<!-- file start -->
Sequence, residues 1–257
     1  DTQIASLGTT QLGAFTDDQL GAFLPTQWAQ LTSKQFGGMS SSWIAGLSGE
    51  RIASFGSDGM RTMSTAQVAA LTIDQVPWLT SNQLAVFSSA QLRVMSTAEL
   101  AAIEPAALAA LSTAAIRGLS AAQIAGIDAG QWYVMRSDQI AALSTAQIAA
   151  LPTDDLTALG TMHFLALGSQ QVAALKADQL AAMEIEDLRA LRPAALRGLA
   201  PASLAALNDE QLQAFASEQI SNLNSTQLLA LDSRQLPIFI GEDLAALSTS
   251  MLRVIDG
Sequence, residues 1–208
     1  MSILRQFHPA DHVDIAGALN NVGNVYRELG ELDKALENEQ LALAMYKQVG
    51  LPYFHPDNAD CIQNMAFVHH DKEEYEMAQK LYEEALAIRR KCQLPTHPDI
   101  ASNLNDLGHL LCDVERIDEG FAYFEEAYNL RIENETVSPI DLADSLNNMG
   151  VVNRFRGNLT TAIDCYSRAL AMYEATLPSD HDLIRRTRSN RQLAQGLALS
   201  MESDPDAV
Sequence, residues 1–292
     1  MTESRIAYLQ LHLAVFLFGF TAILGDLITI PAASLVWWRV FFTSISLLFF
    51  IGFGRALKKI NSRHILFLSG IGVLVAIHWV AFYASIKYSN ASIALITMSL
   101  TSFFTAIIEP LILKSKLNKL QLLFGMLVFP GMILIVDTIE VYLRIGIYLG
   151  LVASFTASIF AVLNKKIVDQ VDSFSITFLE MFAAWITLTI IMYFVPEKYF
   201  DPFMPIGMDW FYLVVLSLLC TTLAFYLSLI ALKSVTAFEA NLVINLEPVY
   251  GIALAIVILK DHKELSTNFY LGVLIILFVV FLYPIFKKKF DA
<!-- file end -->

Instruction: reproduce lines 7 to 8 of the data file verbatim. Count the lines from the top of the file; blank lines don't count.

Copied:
   251  MLRVIDG
Sequence, residues 1–208